Trauma specialist gets first-hand taste of trauma
Australian clinical psychologist and trauma specialist Gary Fulcher has taken first-hand research in his field of
expertise to a level few of his colleagues would care to imitate.
Not that it was intentional. Dr Fulcher, who at one point in his career was attached to the burns unit of a New South
Wales hospital, found himself back there in 1996 - but as a patient after a near-fatal car fire.
The accident gave him an insight into the recovery and rehabilitation process of the patient. But it also revealed to
him the damaging aspects of Australia’s compensation process, which he says forces victims to relive the accident over
and over again during the assessments and questioning by doctors and lawyers. The result is to intensify the trauma
experience or traumatise the person anew, delaying the process of recovery.
“The short, intense questioning forces victims to re-experience the event without sufficient time or help to process the
memories,” he said. “They are rushed out of the office to make way for the next client and are left unaided in an
agitated state, exacerbating any post-traumatic stress disorder.”
For all his experience as a therapist dealing with trauma patients, Dr Fulcher found he was having flashbacks for hours
after every medical examination or legal interview. He calls the experience litigation-induced trauma sensitisation.
Dr Fulcher discovered he was not alone in this experience. One woman told him she dreaded the repeated examinations and
had started not showing up for appointments. “I know I should go,” she said, “but I just can’t face telling another
person about what happened to me. Whenever anyone asks me about it my mind just freezes. I feel sick and get terribly
anxious but I say nothing.”
A man horribly burned in a place crash told him he would get so angry during the examinations he sometimes abused the
examiner before storming out. He would regret his actions later and knew he was damaging his case but could not control
Dr Fulcher will present a paper on trauma at Bold Perspectives, an ACC-hosted conference in Auckland on injury
prevention and rehabilitation. He believes the no-fault ACC system operating in New Zealand reduces the problems he
experienced first-hand and then subsequently in his professional life.
Bold Perspectives runs from March 21-23 and more than 30 speakers from around New Zealand and overseas are addressing
questions as the cost of road accidents, the impact of grief in the workplace, employee involvement in improving safety
and preventing falls among the elderly.
Dr Fulcher said he found Australia’s health system excellent at fixing bodies but poor at dealing with the emotional and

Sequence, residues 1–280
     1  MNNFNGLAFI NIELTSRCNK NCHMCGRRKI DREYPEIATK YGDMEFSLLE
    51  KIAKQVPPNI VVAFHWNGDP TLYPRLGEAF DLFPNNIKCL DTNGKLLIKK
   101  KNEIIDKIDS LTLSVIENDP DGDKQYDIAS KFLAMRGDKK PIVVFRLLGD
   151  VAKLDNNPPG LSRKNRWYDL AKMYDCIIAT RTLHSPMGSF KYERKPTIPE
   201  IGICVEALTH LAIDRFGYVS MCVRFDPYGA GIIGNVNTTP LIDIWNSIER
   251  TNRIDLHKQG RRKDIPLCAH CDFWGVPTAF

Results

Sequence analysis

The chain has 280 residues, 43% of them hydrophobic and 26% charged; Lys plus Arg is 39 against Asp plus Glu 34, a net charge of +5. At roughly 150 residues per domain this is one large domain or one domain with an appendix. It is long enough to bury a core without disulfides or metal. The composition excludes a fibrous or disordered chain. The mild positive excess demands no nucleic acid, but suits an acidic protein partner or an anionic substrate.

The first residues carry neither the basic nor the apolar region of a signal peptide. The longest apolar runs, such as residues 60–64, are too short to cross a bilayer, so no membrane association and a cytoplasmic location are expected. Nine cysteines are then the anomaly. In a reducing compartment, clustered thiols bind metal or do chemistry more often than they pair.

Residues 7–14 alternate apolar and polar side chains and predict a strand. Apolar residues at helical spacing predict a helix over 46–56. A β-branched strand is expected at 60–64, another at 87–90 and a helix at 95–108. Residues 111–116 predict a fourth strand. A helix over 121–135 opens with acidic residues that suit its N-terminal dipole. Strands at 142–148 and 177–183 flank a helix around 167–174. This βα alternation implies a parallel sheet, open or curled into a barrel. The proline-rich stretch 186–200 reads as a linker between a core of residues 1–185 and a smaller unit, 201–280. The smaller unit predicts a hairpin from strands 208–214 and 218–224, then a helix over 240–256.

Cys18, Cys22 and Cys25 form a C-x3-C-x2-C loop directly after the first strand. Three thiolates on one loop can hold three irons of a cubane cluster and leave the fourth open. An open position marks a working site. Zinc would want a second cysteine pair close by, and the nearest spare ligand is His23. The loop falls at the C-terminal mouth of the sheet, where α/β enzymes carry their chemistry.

spiritual aftermath of horrific injuries.
“Our hospitals are wonderfully geared for acute care, for saving lives and repairing horribly damaged bodies, but when
it comes to looking after patients’ psychological or spiritual needs, they fall short by a long way.”
He realised from personal experience that failure to attend to non-physical healing could result in incapacitation as
severe as failing to fix the body. “If I hadn’t known how to treat my post-trauma stress reactions, my depression and
suicidal thinking, my anxiety and chronic pain, I could have given up and died, as happens all too frequently in burns
units - even months after successful skin grafts.
“I could have given up and accepted disablement and taken a pension as the compensation doctors declared I should. I
could have ended my life with a massive insulin overdose, which I knew how to do. And, frighteningly, I believe not one
of the hospital, rehabilitation or compensation team was even aware I was at risk.”
He is convinced the main reason victims do not return to full lives is not their physical but psychological condition.
Without early and appropriate treatment for psychological distress, victims’ chances of successful rehabilitation fall
“Anyone who is still struggling to make sense of their catastrophic experience and injuries is unable to resolve the
trauma of it all. Without resolving their trauma, they can retain anger, fear, resentment, despondency and dependence.
Pain becomes an obstacle and motivation disappears. No matter how well repaired their bodies are, complete
rehabilitation is impossible.”
Dr Fulcher has skin grafts to more than 50 per cent of his body, a drop foot, breathing difficulties from inhalation
injury and no fingers after amputations. Nevertheless, he is a successful clinical psychologist, teaches at three Sydney
universities and is a frequent presenter at conferences around the world.
He is, he says, a walking advertisement for a permanently damaged body enjoying a full life because of a healthy mind,
stable emotions and resolved spirit – the essential ingredients of successful rehabilitation.